Additionally, MS Office and its component applications such as Excel come with very consumer un-friendly licensing and the horrible Microsoft Product Activation mechanism. For those reasons we recommend OpenOffice 1.1 and StarOffice 7 over MS Office 2003 or MS Office XP. Moreover, you can save lots of money by using OpenOffice 1.1 or StarOffice 7 instead of MS Office 2003.
Please see the Licensing and Product Activation Notes in the right-hand sidebar, above.
Figure 1, below, is a simple personal budget created to demonstrate OpenOffice Calc as a number-crunching and financial data analysis application, the OpenOffice Monthly Budget Demo. The view in Figure 1 is the finished product, as it would appear printed.
There are many budget and financial management programs readily available. However, it is very easy for you to create your own.
By using OpenOffice/StarOffice Calc to create your very own budget and financial management program, you have the advantage of being able to customize it just the way you want it. Moreover, since OpenOffice/StarOffice and its Calc spreadsheet module run on most major operating system platforms, you can open a Calc-based budget or financial management program and work with it on almost any computer system. You cannot do that with Microsoft Office or Lotus 123.
Figures 2 and 3 on pages 2 and 3 show the starting and finished working views of the OpenOffice Monthly Budget Demo opened in a Calc.
The Hands-On OpenOffice Calc Tutorial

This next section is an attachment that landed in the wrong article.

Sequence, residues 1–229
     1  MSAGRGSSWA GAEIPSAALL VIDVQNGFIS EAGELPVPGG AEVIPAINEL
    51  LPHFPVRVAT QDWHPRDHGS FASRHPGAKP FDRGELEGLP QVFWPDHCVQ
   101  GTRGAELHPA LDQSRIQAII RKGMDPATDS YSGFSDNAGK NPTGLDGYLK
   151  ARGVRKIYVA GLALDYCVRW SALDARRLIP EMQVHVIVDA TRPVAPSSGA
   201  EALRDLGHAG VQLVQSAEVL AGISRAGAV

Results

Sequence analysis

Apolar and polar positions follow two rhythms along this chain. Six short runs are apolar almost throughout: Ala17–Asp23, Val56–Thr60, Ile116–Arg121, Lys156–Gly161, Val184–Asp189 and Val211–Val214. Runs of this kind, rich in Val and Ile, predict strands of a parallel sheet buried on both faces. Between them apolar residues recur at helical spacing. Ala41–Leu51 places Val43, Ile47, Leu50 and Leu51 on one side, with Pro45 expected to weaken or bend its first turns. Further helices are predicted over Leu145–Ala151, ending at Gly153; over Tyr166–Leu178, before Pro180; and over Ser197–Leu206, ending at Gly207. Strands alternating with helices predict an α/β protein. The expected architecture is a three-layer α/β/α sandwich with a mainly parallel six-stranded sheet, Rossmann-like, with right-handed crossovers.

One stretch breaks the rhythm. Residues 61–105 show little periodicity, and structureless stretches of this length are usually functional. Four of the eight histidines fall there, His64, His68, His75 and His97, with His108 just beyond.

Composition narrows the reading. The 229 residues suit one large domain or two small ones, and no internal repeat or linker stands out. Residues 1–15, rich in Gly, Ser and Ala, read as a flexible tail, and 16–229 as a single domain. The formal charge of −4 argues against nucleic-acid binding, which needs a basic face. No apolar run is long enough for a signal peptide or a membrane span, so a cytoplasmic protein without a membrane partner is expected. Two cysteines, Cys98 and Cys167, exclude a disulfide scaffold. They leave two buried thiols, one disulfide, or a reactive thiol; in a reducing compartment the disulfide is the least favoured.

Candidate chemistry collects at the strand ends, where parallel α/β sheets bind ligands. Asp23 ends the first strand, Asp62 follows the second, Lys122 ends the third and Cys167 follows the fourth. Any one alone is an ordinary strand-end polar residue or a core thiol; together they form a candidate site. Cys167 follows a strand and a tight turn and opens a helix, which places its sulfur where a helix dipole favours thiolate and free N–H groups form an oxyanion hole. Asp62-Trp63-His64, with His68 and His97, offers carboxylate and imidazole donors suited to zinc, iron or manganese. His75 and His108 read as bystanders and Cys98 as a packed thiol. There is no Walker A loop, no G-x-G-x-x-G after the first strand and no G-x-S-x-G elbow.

Start by opening a Calc spreadsheet and inserting OpenOffice Monthly Budget Demo in cell A1. Then set that title in 20-pt. Nimbus Sans L, bold and center it. If Nimbus Sans L is not available in your copy of OpenOffice or StarOffice, please pick another sans-serif font such as Arial or Albany.
If you know how to do all that, skip on down to the Labeling the columns or data fields section of this article on page 2. If not, please continue with this section.
To create your budget spreadsheet, first please launch OpenOffice (or StarOffice) Calc. If OpenOffice did not open in Calc when you launched it; simply click on File > New > Spreadsheet on the main menu bar.
To change fonts, go to the second drop-down box from the left in the Object Bar. That's the middle toolbar at the top of the Calc desktop in Figures 2 and 3, on pages 2 and 3. Then click on the down-arrow and scroll down until you see Nimbus Sans L. Next click on Nimbus Sans L to select it.
Alternatively you can go to the Menu bar and click on Format > Cells > Font to open the Font tab. Then in the Font selection pane, scroll down until you see Nimbus Sans L. Then click on Nimbus Sans L and then on OK.
If Nimbus Sans L is not available in your copy of OpenOffice or StarOffice, please pick another sans-serif font such as Arial or Albany.
If you are already familiar with OpenOffice Writer or StarOffice Writer, you might have noticed that this font management system almost is the very same look, feel, and procedure for changing fonts in Writer. That's because OpenOffice/StarOffice is a well-integrated suite of office/productivity applications. Well-integrated suite means that the OpenOffice/StarOffice desktop and workspace has the same underlying user-interface architecture across all the OpenOffice/StarOffice applications.
Nevertheless, there are some differences. For example the menu route to the fonts in Writer is Format > Character > Font but is Format > Cells > Font in Calc. In Microsoft Word 2000, the menu route to the fonts is simply Format > Font.